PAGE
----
Spieth has been all over in this event, but could really make a statement this week if he were able to contend and stay in contention.


4. JT’s Back

Justin Thomas
Justin Thomas plays a shot during a practice round for The PLAYERS Championship at TPC Sawgrass Stadium on Mar 13, 2019 in Ponte Vedra Beach, FL. Photo by Gregory Shamus/Getty Images

The PGA Championship just over a week ago nearly became the first event in PGA Tour history to include the entire top 100 in the world rankings, until Justin Thomas had to withdraw with a wrist injury. He feels good enough to make his return at The Memorial, although that wrist will likely still be protected.

In the meantime, Thomas will be one of the biggest wildcards in the field. He has yet to win in 2019 after winning three times a year ago – and five times the year before, but if he’s healthy, he still has the Tour’s fourth best scoring average, leads in birdie average, and is second in strokes gained: tee-to-green, the latter being a very telling stat for success.

Muirfield Village is the epitome of a shotmaker’s course and Thomas is the epitome of a shot-maker, so the 26-year-old cannot be forgotten about. JT finished T8 here last year, after finishing T4 the year prior.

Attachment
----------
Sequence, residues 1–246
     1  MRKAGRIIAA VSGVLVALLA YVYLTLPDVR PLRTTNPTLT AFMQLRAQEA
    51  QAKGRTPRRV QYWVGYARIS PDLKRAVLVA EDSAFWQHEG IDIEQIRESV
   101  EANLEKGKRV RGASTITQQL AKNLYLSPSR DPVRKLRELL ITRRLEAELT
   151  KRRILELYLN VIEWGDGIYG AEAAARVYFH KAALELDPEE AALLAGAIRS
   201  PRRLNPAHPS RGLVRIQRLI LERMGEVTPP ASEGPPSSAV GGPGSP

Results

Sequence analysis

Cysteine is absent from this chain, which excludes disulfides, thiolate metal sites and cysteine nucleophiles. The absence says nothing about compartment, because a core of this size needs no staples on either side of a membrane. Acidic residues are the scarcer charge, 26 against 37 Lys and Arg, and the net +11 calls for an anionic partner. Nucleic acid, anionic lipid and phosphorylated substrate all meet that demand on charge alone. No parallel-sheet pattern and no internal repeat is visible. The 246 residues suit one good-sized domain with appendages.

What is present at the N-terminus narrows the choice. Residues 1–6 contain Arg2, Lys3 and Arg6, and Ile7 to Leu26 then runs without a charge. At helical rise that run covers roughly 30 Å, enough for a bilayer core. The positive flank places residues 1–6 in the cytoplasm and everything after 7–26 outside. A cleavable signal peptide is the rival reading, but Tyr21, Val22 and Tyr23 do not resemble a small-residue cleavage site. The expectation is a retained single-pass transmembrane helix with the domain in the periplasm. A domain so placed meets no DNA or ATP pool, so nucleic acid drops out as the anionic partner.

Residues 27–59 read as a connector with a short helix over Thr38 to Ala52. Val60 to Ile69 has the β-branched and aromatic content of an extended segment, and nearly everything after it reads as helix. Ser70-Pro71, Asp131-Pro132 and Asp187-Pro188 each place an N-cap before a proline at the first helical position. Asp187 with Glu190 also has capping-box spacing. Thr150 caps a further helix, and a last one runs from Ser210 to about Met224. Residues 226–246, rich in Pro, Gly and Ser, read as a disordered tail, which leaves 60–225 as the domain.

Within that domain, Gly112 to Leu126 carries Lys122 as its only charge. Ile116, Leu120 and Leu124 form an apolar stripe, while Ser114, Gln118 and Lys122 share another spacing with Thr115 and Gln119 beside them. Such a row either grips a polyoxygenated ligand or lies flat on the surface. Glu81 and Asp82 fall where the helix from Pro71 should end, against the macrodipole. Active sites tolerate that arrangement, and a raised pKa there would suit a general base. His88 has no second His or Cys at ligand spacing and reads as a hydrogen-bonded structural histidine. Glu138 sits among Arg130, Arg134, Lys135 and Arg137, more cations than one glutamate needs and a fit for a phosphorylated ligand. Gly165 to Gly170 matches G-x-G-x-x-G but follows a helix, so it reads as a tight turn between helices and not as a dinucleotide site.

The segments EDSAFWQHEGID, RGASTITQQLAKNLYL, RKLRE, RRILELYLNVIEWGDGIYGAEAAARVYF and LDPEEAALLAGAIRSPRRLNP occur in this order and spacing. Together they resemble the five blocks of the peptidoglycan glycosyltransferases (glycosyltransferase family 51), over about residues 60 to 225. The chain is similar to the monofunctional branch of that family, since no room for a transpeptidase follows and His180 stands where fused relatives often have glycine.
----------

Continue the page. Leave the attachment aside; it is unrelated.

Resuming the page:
5. Struggling Stars

Justin Rose
Justin Rose and caddie Mark Fulcher look on from the 13th tee during the third round of the Wells Fargo Championship at Quail Hollow Club on May 4, 2019 in Charlotte, NC. Photo by Sam Greenwood/Getty Images

The week after a major is often a struggle for those elites who put so much into majors, but it is shocking how many great players are coming into The Memorial off a poor stretch of outings.

DeChambeau was mentioned earlier for missing the cut at last week’s Charles Schwab Classic, but those falling below the cut line also included Xander Schauffele, Rickie Fowler, and Kevin Kisner, while Justin Rose (T58), Byeong Hun An (68), Matthew Fitzpatrick (T64), and Daniel Berger (T53) were among those who finished poorly.

2017 champion Jason Dufner is also having a nightmare season, and 2014 winner Hideki Matsuyama has been unable to take the step forward that was expected.

Will one of them bust out of their slump, or will we see a first-time PGA Tour winner like we did in 2014, 2015, and 2016?


6. What Happened to Joaquin Niemann?

Joaquin Niemann
Joaquin Niemann and Jack Nicklaus shake hands on the 18th hole during the final round of the Memorial Tournament at Muirfield Village Golf Club on June 3, 2018 in Dublin, Ohio. Photo by Stan Badz/PGA TOUR via Getty Images

A year ago was nearly the coronation to greatness for then 19-year-old Chilean Joaquin Niemann, who held the 36-hole lead in Dublin before finishing T6. A progression was expected to continue for the ridiculously talented former amateur superstar in 2019, but he is suffering from a sophomore slump.